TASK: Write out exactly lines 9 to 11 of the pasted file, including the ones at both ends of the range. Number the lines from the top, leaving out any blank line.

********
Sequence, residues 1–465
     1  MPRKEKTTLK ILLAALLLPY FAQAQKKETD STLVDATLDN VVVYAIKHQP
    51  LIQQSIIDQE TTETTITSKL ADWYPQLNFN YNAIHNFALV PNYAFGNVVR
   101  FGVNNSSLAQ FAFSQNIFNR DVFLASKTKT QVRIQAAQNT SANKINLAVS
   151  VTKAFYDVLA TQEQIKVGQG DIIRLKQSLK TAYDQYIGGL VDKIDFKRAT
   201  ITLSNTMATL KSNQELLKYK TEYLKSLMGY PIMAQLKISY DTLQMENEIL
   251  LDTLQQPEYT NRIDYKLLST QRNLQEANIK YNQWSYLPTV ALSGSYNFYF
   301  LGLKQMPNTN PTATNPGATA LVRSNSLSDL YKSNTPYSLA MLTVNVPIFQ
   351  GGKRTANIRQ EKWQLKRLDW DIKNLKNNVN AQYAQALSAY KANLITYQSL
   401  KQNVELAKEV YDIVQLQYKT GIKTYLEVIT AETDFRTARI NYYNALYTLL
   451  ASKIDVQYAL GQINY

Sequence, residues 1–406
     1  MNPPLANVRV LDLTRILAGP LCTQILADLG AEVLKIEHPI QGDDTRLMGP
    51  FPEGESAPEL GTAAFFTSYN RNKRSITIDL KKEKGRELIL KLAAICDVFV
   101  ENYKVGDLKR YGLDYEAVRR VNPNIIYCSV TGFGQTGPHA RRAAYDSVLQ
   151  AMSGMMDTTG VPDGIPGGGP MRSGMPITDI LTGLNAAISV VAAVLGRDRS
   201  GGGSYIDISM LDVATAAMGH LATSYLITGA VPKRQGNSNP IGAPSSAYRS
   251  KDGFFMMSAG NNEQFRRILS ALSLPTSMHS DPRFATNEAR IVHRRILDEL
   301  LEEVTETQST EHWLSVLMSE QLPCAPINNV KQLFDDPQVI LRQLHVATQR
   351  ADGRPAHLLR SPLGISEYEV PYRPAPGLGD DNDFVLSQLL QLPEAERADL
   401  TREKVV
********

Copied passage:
   351  GGKRTANIRQ EKWQLKRLDW DIKNLKNNVN AQYAQALSAY KANLITYQSL
   401  KQNVELAKEV YDIVQLQYKT GIKTYLEVIT AETDFRTARI NYYNALYTLL
   451  ASKIDVQYAL GQINY